Since his fall announcement of Urinetown as the Upper School musical, Director Bill Jacob has expressed apprehension regarding projected attendance simply because of the production’s title.
“I think the Brimmer audience is always more interested in titles they are already familiar with,” Jacob said. “Doing a production with a controversial and potentially off-putting title like Urinetown, requires us to put more effort into drawing audiences in to see what will be an incredibly funny and entertaining show.”
The show is a satire about a young government worker, Bobby Strong, who starts an anti-authoritarian revolution. Despite the title, the show is not the least bit obscene, nor does it focus on gratuitous bodily humor.
The musical , which premiered in 2001, features music by Mark Hollmann, lyrics by Hollmann and Greg Kotis, who also wrote the book.
Below, The Gator spoke with Jacob to get more insight.
If you have them right now, what are the projected attendance numbers?
Attendance at any of our theatre events is tremendously dependent on the calendar and on the weather. If a show falls on a long weekend when many families go out of town, or if the show falls on a weekend with spectacular weather, it can be difficult to draw a crowd. For an US musical, we generally have about 150–200 people attending on a Thursday night, close to a full house, about 300, for a Friday night and fewer attendees on the Saturday matinee and Saturday night performances.
Why do you think people are apprehensive about going?
Let’s face it, Urinetown: The Musical is a provocative title. For those who are unfamiliar with it, it conjures images of nothing but potty jokes. But that couldn’t be further from the truth. In fact, for those who saw it when it first came out in the early 2000s the fact that it was nominated for 10 Tony Awards and won three, including Best Book and Best Original Score, was entirely justified. For many people who work in theatre or just love Broadway, it is among their top 5 contemporary musicals.
What do you think the musical is actually about?
Urinetown: The Musical is a satirical musical comedy that satirizes the legal system, capitalism, social irresponsibility, populism bureaucracy, corporate mismanagement, and municipal politics. The show also parodies musicals such as The Threepenny Opera, The Cradle Will Rock, and Les Misérables, and the Broadway musical itself as an art form.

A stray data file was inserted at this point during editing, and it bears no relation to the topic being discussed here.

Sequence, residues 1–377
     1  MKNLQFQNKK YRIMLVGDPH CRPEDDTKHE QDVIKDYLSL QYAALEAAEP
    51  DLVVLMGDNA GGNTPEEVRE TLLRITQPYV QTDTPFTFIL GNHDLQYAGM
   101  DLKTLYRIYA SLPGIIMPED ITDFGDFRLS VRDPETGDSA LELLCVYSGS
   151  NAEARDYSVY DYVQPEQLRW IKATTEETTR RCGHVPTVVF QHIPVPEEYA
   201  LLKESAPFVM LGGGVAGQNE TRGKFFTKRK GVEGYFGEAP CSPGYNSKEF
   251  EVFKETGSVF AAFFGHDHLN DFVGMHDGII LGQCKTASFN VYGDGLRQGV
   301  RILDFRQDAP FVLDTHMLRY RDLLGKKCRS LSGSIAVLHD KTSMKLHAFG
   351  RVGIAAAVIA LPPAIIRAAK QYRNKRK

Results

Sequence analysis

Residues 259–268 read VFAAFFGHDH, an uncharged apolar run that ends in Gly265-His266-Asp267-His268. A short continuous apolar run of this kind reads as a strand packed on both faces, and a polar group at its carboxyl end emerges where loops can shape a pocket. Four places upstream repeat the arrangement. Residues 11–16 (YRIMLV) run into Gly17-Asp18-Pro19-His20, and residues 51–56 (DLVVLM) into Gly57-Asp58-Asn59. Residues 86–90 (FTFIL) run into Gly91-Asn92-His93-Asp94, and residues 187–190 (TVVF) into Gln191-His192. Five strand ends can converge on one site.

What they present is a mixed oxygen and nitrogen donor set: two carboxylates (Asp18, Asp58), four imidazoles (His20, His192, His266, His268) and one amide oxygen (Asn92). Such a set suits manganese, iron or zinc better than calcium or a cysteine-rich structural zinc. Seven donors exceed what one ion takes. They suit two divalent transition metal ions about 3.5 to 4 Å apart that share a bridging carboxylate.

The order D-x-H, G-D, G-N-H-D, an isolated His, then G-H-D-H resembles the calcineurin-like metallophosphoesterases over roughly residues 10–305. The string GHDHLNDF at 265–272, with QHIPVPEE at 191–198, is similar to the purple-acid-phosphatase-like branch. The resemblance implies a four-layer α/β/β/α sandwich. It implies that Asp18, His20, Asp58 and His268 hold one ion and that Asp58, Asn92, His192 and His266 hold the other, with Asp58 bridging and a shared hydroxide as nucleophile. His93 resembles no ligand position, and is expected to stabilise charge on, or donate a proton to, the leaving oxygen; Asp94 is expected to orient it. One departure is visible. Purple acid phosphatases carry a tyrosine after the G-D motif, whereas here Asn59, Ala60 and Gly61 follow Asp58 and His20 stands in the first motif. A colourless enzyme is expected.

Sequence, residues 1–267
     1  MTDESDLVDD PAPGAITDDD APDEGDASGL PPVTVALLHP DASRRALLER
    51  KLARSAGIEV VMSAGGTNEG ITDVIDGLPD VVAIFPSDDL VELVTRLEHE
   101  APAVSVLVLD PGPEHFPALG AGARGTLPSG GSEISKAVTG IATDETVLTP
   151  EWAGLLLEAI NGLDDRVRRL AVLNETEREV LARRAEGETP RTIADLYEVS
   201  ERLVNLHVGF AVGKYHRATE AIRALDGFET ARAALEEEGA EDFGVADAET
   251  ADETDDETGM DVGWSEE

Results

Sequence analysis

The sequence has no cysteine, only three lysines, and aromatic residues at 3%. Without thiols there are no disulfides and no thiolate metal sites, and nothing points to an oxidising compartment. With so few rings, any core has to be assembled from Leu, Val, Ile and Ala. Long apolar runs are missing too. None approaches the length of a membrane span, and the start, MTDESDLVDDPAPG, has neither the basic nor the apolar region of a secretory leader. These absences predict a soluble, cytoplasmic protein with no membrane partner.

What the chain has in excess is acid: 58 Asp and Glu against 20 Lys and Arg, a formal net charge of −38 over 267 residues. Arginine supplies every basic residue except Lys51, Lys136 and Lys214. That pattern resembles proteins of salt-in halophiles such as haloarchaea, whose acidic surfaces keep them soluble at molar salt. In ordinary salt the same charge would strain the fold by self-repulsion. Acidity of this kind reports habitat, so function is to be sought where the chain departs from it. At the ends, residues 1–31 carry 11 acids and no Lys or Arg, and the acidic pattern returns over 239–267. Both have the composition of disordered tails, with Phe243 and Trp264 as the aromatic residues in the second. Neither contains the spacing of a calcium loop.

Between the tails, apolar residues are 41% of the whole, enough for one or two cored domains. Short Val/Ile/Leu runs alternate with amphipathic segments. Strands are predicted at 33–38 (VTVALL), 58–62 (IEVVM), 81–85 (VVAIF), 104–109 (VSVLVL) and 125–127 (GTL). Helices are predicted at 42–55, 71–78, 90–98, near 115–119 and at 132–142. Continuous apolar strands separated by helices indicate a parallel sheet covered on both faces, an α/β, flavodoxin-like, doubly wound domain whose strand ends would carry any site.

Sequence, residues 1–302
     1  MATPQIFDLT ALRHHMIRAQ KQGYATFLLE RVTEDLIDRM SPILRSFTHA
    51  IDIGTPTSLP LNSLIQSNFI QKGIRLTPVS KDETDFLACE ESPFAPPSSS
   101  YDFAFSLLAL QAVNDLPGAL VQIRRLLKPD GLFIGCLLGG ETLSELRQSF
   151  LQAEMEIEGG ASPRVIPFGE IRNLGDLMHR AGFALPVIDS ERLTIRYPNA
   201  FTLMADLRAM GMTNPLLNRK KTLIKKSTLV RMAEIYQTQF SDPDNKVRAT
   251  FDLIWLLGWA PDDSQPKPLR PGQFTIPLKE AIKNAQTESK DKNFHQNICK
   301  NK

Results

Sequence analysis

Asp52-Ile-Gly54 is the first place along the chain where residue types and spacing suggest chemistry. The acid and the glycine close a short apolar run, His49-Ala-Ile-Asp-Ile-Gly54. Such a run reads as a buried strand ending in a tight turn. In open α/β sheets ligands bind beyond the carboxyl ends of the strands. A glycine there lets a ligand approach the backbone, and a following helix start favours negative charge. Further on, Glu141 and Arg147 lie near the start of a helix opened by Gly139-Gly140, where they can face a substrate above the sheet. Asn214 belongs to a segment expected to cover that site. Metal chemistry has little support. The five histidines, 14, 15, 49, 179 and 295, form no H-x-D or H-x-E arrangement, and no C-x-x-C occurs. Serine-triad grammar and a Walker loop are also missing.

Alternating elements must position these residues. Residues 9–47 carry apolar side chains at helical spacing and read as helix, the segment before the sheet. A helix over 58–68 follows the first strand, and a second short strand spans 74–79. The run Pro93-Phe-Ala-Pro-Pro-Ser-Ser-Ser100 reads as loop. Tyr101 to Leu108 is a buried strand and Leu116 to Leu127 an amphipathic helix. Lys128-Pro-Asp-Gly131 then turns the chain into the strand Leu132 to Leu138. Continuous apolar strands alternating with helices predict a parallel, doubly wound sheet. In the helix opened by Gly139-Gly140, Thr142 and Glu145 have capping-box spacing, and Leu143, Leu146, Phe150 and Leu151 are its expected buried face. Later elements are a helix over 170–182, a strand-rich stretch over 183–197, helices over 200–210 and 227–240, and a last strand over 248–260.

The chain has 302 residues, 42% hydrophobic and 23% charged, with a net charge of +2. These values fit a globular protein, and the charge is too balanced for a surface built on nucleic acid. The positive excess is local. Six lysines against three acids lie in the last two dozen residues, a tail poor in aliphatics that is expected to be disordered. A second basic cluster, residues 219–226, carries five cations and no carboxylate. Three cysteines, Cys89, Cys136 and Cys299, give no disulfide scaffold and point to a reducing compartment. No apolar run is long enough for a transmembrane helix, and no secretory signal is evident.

What message would you want to say to those people who may have reservations about the musical?
Urinetown is a contemporary morality play with an important message about conservation and political responsibility, told in a broad, musical comedy style. There’s no adult language or sexual innuendo, though there is some brief, cartoon violence when evil is inevitably punished. Urinetown‘s comedy extends far beyond toilet humor, as well; the lyrics and jokes are clever enough to appeal to adults, and clean enough for children younger than high school age. Despite the off-putting title, we think it is the funniest musical Brimmer has produced in years, and we hope you enjoy it.
Come and see it! Bring your children, bring your friends, bring your grandparents! It’s a tremendously relevant musical, even more today than when it was first produced.
Why did you choose Urinetown over other musicals?
We had a difficult time this year. We were set to perform a different musical, but we were unable to secure the rights. After a good deal of research, we came upon another musical we liked, but found that the rights to perform that show were restricted as well. My production team and I have always had a fondness for this show, and given the current state of affairs in our country and our ecology, it seemed even more relevant. But the school has been reluctant to embrace a show with such a provocative title. As it turned out, Mrs. Iuliano saw a production at the Park School this summer and she raved to me about it. She gave me the idea to try suggesting the show one more time, and to our delight the school administration agreed to produce it.
Beyond my own desire to produce the show, I knew that our actors would really have fun with the ironic approach that the musical uses, the intense dance sequences and the sense of humor that pervades the piece. I knew we could do it well, and the actors in this production are living up to my expectations. I think it’s the funniest thing we’ve produced in a long time.
Editors’ note: To purchase tickets, go to (www.ticketstage.com/BMS ).